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Review

Perspective: Why and How Ubiquitously Distributed, Vascular-Associated, Pluripotent Stem Cells in the Adult Body (vaPS Cells) Are the Next Generation of Medicine

by 1,2,3,4,*, 5 and 1,3,6
1
Heart and Vascular Institute, Department of Medicine, Tulane University School of Medicine, New Orleans, LA 70112, USA
2
Sanford School of Medicine, University of South Dakota, Sioux Falls, SD 57104, USA
3
MD Anderson Cancer Center, University of Texas, Houston, TX 77054, USA
4
Isar Klinikum Munich, 80331 Munich, Germany
5
Chair of Neuroanatomy, Institute of Anatomy, Faculty of Medicine, Ludwig-Maximilians University of Munich, 80336 Munich, Germany
6
Department of Cell Biology, Neurobiology & Anatomy, Medical College of Wisconsin, Milwaukee, WI 53226, USA
*
Author to whom correspondence should be addressed.
Academic Editor: Alexander V. Ljubimov
Cells 2021, 10(9), 2303; https://doi.org/10.3390/cells10092303
Received: 26 June 2021 / Revised: 30 August 2021 / Accepted: 31 August 2021 / Published: 3 September 2021
(This article belongs to the Collection Stem Cell-Based Therapy, Disease Modeling and Drug Discovery)

Abstract

A certain cell type can be isolated from different organs in the adult body that can differentiate into ectoderm, mesoderm, and endoderm, providing significant support for the existence of a certain type of small, vascular-associated, pluripotent stem cell ubiquitously distributed in all organs in the adult body (vaPS cells). These vaPS cells fundamentally differ from embryonic stem cells and induced pluripotent stem cells in that the latter possess the necessary genetic guidance that makes them intrinsically pluripotent. In contrast, vaPS cells do not have this intrinsic genetic guidance, but are able to differentiate into somatic cells of all three lineages under guidance of the microenvironment they are located in, independent from the original tissue or organ where they had resided. These vaPS cells are of high relevance for clinical application because they are contained in unmodified, autologous, adipose-derived regenerative cells (UA-ADRCs). The latter can be obtained from and re-applied to the same patient at the point of care, without the need for further processing, manipulation, and culturing. These findings as well as various clinical examples presented in this paper demonstrate the potential of UA-ADRCs for enabling an entirely new generation of medicine for the benefit of patients and healthcare systems.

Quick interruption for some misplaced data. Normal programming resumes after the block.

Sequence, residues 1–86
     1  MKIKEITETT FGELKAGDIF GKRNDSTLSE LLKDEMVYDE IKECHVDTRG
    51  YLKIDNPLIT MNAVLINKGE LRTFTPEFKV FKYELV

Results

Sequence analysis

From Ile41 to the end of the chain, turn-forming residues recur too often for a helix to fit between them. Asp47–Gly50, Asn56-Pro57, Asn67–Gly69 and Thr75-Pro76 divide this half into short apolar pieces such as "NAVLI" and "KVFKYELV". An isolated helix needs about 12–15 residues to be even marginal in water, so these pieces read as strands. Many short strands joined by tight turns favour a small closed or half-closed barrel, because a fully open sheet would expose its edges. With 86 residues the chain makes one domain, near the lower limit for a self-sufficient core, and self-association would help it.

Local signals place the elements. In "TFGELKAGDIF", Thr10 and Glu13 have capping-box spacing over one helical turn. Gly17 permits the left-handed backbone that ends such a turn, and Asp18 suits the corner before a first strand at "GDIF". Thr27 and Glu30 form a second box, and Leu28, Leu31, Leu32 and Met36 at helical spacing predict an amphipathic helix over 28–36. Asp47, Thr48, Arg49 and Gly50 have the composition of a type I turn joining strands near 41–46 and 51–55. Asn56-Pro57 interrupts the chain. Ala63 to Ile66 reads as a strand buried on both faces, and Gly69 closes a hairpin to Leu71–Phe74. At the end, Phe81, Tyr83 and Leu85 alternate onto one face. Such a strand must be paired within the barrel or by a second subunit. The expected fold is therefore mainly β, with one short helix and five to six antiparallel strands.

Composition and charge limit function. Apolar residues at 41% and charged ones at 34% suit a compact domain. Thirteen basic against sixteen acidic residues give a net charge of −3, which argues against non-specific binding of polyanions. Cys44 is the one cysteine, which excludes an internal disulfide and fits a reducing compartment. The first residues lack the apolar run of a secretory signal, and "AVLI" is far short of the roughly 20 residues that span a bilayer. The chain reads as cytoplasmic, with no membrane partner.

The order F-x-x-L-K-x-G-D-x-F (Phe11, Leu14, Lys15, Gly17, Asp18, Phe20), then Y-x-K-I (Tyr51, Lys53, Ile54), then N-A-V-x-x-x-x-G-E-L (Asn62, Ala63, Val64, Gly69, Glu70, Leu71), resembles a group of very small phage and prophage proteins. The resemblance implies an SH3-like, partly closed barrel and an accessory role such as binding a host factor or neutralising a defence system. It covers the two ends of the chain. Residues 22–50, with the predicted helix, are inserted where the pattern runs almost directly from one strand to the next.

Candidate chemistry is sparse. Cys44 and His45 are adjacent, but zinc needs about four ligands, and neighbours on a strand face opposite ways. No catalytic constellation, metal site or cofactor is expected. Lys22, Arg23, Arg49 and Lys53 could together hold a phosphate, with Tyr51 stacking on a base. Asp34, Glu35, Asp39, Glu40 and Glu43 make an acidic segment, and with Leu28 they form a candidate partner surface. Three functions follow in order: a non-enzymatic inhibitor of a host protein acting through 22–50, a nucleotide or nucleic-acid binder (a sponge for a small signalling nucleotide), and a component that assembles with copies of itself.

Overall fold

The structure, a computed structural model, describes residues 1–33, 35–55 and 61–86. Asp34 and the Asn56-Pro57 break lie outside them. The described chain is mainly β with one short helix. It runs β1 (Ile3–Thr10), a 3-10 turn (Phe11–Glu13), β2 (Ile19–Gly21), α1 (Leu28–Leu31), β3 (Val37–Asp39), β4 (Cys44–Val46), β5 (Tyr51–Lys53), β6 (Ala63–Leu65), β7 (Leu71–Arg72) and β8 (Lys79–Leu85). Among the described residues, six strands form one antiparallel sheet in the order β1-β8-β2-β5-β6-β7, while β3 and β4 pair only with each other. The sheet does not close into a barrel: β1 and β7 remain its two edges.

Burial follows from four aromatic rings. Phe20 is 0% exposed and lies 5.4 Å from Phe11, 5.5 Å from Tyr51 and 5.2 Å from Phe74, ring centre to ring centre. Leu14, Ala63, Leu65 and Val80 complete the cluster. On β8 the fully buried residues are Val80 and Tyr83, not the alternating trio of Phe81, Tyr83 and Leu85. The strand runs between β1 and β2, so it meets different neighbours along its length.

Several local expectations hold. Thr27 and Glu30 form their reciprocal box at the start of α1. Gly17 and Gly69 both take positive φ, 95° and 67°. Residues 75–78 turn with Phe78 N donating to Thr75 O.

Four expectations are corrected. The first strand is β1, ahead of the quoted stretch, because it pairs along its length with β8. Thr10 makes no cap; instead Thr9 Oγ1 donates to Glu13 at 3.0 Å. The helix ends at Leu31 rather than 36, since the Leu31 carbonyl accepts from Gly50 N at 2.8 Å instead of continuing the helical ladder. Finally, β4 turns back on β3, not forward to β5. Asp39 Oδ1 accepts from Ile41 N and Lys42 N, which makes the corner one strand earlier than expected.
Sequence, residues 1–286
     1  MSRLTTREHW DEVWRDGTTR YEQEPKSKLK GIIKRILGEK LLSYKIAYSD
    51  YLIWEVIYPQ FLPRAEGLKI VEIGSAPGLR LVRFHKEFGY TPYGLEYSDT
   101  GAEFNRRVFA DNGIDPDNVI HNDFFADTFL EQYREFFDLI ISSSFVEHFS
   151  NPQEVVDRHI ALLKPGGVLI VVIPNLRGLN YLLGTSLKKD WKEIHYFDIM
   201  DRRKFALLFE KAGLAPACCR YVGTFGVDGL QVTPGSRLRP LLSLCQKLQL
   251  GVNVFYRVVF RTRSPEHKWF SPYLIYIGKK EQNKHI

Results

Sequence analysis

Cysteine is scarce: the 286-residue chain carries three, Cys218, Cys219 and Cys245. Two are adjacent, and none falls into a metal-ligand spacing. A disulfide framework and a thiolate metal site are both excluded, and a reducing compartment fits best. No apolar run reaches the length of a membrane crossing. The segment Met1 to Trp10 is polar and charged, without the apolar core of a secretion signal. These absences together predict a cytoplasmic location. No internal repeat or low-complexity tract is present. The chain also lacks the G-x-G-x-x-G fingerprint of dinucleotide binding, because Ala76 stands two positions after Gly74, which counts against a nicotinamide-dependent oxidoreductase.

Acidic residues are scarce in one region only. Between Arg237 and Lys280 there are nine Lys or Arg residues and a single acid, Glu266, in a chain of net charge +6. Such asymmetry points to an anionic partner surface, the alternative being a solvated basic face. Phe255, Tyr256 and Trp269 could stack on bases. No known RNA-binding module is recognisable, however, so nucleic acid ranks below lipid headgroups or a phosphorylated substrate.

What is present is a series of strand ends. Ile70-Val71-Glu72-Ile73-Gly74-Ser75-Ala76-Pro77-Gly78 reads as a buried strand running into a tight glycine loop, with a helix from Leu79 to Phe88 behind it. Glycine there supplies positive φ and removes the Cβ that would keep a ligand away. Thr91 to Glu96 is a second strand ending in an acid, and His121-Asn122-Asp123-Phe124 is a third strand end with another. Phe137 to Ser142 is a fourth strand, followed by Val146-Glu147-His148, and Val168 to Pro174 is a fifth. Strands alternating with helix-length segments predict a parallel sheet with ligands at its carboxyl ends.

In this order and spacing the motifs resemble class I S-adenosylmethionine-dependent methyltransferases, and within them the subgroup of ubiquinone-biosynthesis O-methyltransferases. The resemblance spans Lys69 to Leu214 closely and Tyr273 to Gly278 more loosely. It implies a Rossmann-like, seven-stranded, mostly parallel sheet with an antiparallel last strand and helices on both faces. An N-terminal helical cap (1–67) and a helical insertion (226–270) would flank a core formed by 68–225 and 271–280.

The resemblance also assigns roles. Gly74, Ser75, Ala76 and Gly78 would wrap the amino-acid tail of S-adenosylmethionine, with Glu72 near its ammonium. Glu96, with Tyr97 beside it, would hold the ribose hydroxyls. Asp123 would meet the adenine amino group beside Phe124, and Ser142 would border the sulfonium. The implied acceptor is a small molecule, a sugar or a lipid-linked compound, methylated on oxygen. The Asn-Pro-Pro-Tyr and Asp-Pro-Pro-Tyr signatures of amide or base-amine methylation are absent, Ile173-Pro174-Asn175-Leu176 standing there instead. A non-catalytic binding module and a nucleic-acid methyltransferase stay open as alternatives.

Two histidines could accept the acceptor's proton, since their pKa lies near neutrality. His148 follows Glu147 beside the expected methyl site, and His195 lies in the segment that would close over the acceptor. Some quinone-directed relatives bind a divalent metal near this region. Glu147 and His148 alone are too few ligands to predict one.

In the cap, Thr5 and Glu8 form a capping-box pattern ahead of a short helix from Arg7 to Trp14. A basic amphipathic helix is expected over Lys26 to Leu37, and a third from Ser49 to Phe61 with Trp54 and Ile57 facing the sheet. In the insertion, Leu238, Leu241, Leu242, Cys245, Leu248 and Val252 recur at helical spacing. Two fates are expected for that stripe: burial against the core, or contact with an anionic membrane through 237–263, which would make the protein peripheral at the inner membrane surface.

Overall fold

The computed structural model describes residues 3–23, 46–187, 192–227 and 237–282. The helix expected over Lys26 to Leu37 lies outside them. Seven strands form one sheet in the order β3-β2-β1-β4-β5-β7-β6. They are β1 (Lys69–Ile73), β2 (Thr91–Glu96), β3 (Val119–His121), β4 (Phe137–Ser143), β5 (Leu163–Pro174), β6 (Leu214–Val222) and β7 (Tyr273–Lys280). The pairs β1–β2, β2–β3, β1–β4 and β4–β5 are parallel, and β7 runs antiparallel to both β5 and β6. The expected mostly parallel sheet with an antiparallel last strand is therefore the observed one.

Keywords: adipose-derived regenerative cells; adipose-derived stem cells; bone regeneration; cartilage regeneration; regenerative medicine; scar tissue; tendon regeneration; wound healing adipose-derived regenerative cells; adipose-derived stem cells; bone regeneration; cartilage regeneration; regenerative medicine; scar tissue; tendon regeneration; wound healing

1. Introduction

Regenerative cell therapy, which refers to the therapeutic application of stem cells to repair diseased or injured tissue, has received increasing attention from basic scientists, clinicians, and the public. Stem cells hold significant promise for tissue regeneration due to their innate ability to provide a renewable supply of cells that can form multiple cell types, whole tissue structures, and even organs. Stem cells are present in the human body at all stages of life from the earliest times of an embryo through adulthood and senescence.
The aim of this paper is to summarize results of landmark experiments on stem cells and stem cell therapy performed in the labs of the authors over the last two decades (ethical approvals are summarized in the “Institutional Review Board Statement” section at the end of this paper), and to discuss the results of this research in the context of the literature dedicated to stem cells and stem cell therapy. Considering the fact that a search in PubMed on “stem cells” on 6 August 2021 yielded over 385,000 citations (among them more than 63,000 reviews), and a search on “stem cell therapy” approximately 140,000 citations (among them more than 35,500 reviews), it becomes obvious that this paper provides a perspective rather than a systematic review.